Wellesley Students Make a Difference on Wintersession Alternative Break Trips
This Wintersession, 35 Wellesley students participated in three Alternative Break trips organized by Civic Engagement, a division of Wellesley Career Education. During the trips—which focused on health and well-being, urban development, and community organizing in three Northeastern locations—students engaged in hands-on volunteer work and group reflection, putting the Wellesley tradition of service into action. For the first time, the trips were run entirely by student leaders on Wellesley’s Ministrare Council under the direction of Diana Lam ’20.
“Each year, students select which social justice issues to focus on and build trips around, and it is always powerful to see what they create,” Lam said. “This year, I am especially proud of our Wintersession coordinators for being the first site leaders to lead Alternative Break trips without staff members. I cannot wait to see what our Spring Break coordinators have in store."
In Greenfield, N.H., 12 students partnered with Crotched Mountain School, an organization that supports people with disabilities. They worked with children at the school and helped sort supplies for its farm school program. Ministrare coordinators Suyoung Choi ’20 and Antonia Rocchio ’20 led the trip.
The Washington, D.C., group focused on urban development. Led by Vanessa Delarca ’21 and Tara Wattal ’21, students worked with Youth Service Opportunities Project (YSOP), which teaches participants about issues such as food insecurity and social connectedness for seniors and encourages them to serve actively in their communities. On Martin Luther King Jr. Day, this group of nine volunteered to paint walls and clean at a local high school.
In Boston, 14 students volunteered with a range of community organizing groups. Their partners included the women’s shelter Rosie’s Place, where they served lunch; Cradles to Crayons, where they assembled “KidPacks” of clothing and other items for low-income and homeless children; and More than Words, where they sorted inventory of donated books and materials. On Martin Luther King Jr. Day, the students went to Boston Latin School to put together books and learning materials for people learning English. Students also met with Katjana Ballantyne, president of the Somerville Board of Aldermen, and Dimple Rana, a community organizer and activist in Revere, Mass., to learn about the role service can play in their careers.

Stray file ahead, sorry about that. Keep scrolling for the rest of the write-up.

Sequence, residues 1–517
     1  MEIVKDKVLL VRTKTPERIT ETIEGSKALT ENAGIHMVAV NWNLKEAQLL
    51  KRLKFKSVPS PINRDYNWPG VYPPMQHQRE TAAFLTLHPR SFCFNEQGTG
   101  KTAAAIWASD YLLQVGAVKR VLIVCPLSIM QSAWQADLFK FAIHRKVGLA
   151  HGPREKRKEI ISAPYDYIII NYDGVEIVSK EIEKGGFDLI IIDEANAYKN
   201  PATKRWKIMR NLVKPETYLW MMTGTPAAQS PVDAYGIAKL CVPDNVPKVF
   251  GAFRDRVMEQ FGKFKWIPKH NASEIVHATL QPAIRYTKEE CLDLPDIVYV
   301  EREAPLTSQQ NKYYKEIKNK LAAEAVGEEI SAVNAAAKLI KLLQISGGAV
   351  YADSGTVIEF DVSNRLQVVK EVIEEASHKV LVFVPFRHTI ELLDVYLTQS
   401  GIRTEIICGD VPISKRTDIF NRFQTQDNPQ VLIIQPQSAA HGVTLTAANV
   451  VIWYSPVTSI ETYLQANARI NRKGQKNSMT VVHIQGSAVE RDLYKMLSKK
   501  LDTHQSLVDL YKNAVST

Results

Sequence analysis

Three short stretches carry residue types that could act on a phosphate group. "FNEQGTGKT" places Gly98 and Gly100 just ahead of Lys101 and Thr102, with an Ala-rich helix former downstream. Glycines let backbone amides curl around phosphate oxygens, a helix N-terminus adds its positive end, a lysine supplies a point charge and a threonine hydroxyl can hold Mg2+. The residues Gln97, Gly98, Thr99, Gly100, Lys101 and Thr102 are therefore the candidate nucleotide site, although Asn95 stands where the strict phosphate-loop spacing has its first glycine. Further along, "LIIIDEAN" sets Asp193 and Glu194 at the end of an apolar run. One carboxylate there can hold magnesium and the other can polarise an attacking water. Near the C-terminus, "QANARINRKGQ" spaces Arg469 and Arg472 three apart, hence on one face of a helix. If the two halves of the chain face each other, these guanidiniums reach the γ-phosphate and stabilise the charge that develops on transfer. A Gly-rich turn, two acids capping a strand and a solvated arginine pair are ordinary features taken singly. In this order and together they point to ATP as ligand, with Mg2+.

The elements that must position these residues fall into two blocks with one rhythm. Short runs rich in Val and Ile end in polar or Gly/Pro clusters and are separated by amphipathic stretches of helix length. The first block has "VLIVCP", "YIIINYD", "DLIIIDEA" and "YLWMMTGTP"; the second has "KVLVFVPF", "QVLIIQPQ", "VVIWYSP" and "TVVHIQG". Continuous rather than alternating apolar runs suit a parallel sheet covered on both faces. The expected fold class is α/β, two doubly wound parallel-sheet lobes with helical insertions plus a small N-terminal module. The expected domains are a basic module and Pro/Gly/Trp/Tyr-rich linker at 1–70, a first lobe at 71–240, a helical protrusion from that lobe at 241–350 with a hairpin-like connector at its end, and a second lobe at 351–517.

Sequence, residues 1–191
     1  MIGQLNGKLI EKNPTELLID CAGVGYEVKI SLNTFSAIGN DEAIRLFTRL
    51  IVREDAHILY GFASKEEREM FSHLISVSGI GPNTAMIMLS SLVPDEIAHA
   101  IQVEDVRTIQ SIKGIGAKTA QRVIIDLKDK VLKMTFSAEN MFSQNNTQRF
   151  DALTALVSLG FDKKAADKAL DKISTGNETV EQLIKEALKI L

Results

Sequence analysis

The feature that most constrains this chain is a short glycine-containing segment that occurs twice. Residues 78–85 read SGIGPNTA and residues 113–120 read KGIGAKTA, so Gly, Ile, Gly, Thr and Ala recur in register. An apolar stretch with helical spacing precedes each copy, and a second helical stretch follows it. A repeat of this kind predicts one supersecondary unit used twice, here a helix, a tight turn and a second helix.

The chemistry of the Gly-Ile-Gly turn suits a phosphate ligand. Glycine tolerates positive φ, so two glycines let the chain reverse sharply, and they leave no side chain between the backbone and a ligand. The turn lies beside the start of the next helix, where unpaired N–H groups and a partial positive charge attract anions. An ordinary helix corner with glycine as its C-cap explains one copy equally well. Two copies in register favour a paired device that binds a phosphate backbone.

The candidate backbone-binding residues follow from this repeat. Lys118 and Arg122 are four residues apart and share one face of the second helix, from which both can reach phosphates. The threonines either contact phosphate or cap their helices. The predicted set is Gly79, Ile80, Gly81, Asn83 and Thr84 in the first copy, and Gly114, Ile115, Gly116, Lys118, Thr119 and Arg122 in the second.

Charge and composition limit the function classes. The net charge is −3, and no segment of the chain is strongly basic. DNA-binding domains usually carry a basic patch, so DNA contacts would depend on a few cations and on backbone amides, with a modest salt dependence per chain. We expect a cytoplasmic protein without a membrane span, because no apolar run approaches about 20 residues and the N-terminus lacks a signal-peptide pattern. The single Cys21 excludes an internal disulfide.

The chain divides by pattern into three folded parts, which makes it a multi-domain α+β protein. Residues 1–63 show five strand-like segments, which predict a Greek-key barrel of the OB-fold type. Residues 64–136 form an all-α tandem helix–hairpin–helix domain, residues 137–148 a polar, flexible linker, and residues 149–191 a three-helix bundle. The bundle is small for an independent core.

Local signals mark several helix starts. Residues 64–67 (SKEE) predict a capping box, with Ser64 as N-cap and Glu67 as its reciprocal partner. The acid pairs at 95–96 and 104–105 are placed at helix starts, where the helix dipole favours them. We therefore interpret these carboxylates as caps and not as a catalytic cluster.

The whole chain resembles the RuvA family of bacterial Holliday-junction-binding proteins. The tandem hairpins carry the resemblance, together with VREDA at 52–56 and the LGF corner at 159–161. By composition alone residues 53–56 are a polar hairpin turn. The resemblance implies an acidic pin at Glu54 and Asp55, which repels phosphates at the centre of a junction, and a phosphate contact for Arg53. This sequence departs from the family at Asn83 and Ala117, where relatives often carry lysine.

Lydia MacKay ’19 and Emiley Kim ’21 led the Alternative Break trip to Boston. “This Alternative Break made me think critically about the relationship between direct service nonprofits and policy-making in government,” said Kim. “While nonprofits do incredibly important work, it is important to consider the root causes of different problems that underserved and marginalized communities face and strive to create long-term solutions.”
“I participated in an Alternative Break last year, and what really drew me back was the community of students who are so committed and passionate about serving their communities,” said MacKay.
Photo: The 14 members of the Boston trip worked with the nonprofit Cradles to Crayons. With this organization, they sorted donations and assembled “KidPacks” of clothing and other items for low-income and homeless children.